The court in Duplan Corp. v. Deering Milliken, Inc., supra, 397 F.Supp. at page 1163, relied upon United States v. New Wrinkle in considering the impact of its in-camera review of documents which one party claimed were privileged.   The court held that the privilege would not be waived “where the voluntary waiver of some communications was made upon the suggestion of the court during the course of the in-camera proceedings.”  (Italics added.)

In Transamerica Computer, supra, 573 F.2d at pages 650-652, the Court of Appeals found coercion in an accelerated discovery order which caused the defendant, IBM, to inadvertently disclose privileged documents.  “We have already described at length the extraordinary logistical difficulties with which IBM was confronted in its efforts to comply, as it eventually did, with the demanding timetable Judge Neville had established for the document inspection program.   We believe that there is merit in IBM's argument that that timetable deprived IBM of the opportunity to claim the privilege inasmuch as it was statistically inevitable that, despite the extraordinary precautions undertaken by IBM, some privileged documents would escape detection by the IBM reviewers.”  (Id. at p. 652.)   In finding that under those circumstances no waiver occurred, the court stated:  “Waiver cannot be directly compelled [and] neither can it be indirectly compelled.”  (Ibid.) Importantly for our purposes, the court approved a trial court order under which any inadvertent disclosure during discovery would not waive the privilege so long as IBM took reasonable steps to prevent disclosure.  (Ibid.)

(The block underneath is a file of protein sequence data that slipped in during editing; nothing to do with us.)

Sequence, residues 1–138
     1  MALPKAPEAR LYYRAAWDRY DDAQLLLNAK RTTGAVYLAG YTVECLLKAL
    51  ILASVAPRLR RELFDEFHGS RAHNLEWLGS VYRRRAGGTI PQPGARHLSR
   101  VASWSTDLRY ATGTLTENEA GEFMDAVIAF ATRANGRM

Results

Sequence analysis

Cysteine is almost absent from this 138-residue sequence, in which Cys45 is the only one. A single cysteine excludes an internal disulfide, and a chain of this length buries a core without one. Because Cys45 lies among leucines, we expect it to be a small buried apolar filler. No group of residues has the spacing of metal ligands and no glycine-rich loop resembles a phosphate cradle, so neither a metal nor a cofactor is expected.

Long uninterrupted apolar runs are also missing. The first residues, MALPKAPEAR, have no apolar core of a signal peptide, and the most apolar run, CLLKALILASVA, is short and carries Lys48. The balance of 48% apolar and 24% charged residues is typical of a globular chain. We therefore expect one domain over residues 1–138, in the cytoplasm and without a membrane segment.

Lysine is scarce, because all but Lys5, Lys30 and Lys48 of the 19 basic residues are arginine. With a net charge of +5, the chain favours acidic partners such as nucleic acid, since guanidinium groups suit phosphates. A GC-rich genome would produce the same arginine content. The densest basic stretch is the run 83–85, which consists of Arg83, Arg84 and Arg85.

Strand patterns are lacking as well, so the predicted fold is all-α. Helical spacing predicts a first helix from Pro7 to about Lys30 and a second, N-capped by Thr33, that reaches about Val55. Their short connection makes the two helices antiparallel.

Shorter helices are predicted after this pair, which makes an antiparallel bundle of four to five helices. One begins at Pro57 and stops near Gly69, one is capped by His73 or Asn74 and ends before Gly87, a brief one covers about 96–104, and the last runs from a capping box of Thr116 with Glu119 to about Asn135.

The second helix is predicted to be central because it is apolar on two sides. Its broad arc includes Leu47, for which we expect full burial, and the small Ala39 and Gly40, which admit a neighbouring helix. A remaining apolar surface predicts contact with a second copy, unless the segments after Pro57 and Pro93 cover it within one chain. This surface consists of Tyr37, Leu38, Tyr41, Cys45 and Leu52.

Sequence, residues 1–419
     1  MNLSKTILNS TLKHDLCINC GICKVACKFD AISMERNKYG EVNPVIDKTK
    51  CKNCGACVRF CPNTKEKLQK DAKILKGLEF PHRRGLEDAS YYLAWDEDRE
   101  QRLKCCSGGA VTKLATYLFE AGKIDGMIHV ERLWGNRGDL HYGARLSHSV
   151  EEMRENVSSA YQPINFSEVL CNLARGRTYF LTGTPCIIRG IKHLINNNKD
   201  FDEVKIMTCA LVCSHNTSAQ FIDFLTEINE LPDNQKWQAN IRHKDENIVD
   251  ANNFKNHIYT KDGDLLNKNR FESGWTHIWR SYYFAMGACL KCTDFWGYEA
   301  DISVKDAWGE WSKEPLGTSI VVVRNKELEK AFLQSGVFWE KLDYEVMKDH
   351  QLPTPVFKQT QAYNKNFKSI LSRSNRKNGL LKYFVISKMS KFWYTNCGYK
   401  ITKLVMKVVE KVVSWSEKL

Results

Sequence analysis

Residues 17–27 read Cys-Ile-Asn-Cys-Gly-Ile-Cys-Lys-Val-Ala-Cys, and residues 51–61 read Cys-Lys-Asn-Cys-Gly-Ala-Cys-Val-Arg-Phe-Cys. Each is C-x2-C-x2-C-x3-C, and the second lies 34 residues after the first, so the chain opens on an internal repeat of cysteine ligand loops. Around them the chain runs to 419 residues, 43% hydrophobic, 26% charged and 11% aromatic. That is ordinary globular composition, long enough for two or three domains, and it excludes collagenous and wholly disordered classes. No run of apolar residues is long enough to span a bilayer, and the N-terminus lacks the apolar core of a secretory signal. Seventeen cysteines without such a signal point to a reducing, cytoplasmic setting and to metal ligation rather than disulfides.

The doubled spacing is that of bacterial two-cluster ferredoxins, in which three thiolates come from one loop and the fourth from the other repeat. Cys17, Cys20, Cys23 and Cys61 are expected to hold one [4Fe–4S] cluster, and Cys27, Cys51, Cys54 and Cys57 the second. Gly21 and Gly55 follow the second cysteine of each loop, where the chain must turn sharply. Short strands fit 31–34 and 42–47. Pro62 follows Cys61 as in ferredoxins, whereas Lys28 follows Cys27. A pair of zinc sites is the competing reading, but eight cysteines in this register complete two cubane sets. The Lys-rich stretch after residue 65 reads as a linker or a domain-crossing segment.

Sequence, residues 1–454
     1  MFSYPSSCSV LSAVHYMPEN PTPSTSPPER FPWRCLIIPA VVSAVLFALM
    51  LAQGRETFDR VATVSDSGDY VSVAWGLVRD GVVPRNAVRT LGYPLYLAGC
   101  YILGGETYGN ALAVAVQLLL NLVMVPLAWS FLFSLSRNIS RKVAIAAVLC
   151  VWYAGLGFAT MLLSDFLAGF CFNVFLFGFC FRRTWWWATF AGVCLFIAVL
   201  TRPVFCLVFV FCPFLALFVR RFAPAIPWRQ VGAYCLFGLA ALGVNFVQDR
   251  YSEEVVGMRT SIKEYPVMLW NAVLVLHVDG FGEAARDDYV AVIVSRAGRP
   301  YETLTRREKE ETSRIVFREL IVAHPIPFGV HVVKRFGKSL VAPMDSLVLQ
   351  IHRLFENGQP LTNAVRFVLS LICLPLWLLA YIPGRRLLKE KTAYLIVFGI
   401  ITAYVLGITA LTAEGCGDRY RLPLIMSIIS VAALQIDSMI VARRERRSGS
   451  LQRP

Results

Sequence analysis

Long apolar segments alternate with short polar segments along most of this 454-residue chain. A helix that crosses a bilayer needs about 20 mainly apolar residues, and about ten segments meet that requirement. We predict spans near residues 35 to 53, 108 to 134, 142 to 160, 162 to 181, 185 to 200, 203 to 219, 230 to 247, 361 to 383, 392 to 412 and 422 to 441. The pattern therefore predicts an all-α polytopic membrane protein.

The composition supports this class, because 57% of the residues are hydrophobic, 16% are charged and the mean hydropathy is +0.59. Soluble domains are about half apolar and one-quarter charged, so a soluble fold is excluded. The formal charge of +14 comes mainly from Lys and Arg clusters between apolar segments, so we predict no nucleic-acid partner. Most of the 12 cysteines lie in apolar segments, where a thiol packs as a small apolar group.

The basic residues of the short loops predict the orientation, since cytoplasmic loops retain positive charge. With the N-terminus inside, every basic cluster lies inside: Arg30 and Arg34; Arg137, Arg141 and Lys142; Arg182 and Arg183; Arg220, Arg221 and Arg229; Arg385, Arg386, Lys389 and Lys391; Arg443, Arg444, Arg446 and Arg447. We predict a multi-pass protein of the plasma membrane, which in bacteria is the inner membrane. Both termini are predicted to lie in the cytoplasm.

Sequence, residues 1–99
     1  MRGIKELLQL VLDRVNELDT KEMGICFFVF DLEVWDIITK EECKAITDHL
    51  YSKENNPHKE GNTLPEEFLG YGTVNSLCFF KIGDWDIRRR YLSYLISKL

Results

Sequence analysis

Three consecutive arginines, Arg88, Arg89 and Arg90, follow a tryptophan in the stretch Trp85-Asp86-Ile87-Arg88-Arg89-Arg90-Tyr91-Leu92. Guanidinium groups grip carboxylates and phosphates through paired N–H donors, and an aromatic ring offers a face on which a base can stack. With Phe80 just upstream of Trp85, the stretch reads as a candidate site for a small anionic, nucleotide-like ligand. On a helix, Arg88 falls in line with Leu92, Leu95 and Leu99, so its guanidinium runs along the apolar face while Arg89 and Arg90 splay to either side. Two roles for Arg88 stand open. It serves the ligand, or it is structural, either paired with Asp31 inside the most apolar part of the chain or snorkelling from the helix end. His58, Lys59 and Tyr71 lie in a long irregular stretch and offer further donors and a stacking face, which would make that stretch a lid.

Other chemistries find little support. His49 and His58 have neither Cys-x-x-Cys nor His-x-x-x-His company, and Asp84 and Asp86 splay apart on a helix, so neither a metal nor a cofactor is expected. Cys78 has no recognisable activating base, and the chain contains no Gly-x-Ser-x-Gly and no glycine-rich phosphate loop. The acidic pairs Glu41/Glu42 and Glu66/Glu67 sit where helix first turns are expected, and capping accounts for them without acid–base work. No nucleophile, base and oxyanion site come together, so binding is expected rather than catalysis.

The court applied the “reasonable steps” standard suggested in Transamerica Computer in U.S. v. de la Jara (9th Cir.1992) 973 F.2d 746, 750 (de la Jara.) In de la Jara the government executed a search warrant at the defendant's place of business and discovered some privileged documents.   Over the defendant's objection, the government entered one of the privilege documents at trial.   The court found that the defendant had not acted reasonably to protect the confidentiality of the document.  “In determining whether the privilege should be deemed to be waived, the circumstances surrounding the disclosure are to be considered.  [Citations.]  We have previously held that the attorney-client privilege may be waived by implication, even when the disclosure of the privileged material was ‘inadvertent’ or involuntary.  [Citation.] When the disclosure is involuntary, we will find the privilege preserved if the privilege holder has made efforts ‘reasonably designed’ to protect and preserve the privilege.  [Citation.]  Conversely, we will deem the privilege to be waived if the privilege holder fails to pursue all reasonable means of preserving the confidentiality of the privileged matter.